How you answer reveals your marketing mindset.
Do you interpret “Carpe diem” to mean “Seize the day?”… or do you believe it means something more spontaneous, like “Seize the moment?”
And don’t fret about failing a lame high stakes standardized language test while you decide.
Even Latin aficionados have mixed opinions about this.
Remember him? (Encourager 12/9/2013)
Holy cow, is this guy a straight shooter.
He’s all for the against-the-current swim most of us are attempting in our schools.
The Toffler mantra for 21st century education we’re using today – learn,unlearn, and relearn – is identical to the one Stratten highlights in his speaking engagements, books, and marketing seminars.
One of his recent “unlearnings” caught my ever-selective listening ear.
Stratton said that he’s made thousands of dollars in his career helping businesses craft cool sounding mission statements, guiding principles, and taglines.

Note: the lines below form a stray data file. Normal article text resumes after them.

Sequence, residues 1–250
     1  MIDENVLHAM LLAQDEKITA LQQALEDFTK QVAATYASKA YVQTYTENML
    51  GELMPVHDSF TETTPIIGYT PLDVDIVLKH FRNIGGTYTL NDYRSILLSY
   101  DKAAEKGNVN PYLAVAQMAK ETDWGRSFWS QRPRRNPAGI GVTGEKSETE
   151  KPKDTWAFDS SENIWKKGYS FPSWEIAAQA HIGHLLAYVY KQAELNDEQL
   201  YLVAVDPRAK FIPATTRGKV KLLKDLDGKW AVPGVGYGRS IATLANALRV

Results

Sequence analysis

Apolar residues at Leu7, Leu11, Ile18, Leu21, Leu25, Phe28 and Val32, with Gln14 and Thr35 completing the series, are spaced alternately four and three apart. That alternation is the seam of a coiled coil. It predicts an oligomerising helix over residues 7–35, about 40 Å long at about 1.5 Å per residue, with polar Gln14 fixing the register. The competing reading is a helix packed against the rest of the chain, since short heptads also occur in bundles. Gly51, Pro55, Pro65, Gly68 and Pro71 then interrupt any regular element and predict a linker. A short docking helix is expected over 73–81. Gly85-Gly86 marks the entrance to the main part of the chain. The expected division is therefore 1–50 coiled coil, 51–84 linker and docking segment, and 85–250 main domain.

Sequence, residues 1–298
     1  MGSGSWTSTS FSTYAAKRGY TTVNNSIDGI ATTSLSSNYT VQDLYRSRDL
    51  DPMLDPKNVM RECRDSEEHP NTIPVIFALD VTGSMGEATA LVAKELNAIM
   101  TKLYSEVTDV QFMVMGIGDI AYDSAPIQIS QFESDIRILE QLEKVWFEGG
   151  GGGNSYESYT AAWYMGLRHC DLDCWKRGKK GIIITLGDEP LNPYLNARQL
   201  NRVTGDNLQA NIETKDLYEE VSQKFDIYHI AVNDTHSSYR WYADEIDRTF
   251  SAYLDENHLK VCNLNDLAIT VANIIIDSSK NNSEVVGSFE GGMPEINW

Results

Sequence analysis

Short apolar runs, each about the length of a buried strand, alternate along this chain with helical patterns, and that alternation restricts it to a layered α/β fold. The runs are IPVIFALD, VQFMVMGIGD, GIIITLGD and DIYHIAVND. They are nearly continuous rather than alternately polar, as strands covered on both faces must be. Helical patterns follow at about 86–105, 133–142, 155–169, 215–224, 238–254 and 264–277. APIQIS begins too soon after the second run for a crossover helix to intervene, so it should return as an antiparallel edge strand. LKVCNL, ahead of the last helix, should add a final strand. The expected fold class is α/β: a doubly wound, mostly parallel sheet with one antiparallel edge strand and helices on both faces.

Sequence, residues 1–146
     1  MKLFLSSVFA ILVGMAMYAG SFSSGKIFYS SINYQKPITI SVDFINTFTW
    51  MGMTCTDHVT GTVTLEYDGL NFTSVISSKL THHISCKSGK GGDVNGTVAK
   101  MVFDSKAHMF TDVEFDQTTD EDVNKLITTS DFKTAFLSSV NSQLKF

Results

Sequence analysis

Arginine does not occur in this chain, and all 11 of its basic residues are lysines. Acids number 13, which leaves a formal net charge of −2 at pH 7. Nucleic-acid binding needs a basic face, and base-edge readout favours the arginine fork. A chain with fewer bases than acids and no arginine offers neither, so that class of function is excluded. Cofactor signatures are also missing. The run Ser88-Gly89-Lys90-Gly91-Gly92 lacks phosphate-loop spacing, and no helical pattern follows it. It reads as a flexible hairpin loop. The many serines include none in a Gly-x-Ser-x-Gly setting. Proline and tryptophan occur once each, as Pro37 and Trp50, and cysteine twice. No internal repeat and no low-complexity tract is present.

He now says this is a major waste of time.
“Consumers today care more about how you treat them in the moment, little else,” he said. “They don’t care about your fancy ideals, your departmental silos, or an affirmational phrase hanging on a banner. All they care about is how you treat them. It’s your behavior – moment by moment – that becomes your brand. It’s your behavior – moment by moment – that becomes what’s said about you on social media.”
As a school communicator who loves “words” and enjoys writing and pestering you, this is a sudden punch in the gut.
Why does behavior – up and down the line throughout every organization – now have to trump clever sound bites and speaking points?
Stratten’s probably right, though.
But I hope his tough 21st century marketing message will only challenge us to relearn “Carpe diem.”
I’d hate to see school superintendents start rethinking our traditional “per diems,” too.
That’d be just my luck.